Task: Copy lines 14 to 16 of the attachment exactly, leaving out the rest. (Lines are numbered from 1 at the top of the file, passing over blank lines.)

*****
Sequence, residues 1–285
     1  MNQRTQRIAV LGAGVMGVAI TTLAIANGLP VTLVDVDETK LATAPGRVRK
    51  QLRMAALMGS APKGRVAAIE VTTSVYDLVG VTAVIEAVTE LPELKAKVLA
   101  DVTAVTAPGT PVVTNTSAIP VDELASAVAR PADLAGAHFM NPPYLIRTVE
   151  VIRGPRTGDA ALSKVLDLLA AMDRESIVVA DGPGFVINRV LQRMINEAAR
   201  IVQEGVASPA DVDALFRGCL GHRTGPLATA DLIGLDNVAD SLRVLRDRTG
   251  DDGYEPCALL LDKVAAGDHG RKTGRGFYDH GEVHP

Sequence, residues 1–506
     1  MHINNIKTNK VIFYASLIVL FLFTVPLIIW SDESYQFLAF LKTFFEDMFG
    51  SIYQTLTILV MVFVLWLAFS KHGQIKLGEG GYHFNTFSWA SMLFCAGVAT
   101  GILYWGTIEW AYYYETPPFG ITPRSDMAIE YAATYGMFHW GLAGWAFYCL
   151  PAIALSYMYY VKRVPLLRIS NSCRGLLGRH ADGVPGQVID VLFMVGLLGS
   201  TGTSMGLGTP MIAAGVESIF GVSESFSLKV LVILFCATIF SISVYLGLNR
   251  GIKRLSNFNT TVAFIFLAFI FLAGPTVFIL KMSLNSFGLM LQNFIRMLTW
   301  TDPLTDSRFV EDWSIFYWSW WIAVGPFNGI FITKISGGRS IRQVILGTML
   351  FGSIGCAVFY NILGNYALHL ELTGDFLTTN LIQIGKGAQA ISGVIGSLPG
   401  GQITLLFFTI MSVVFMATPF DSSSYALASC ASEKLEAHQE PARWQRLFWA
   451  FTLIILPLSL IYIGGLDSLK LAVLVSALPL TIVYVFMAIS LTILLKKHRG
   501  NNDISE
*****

   251  GIKRLSNFNT TVAFIFLAFI FLAGPTVFIL KMSLNSFGLM LQNFIRMLTW
   301  TDPLTDSRFV EDWSIFYWSW WIAVGPFNGI FITKISGGRS IRQVILGTML
   351  FGSIGCAVFY NILGNYALHL ELTGDFLTTN LIQIGKGAQA ISGVIGSLPG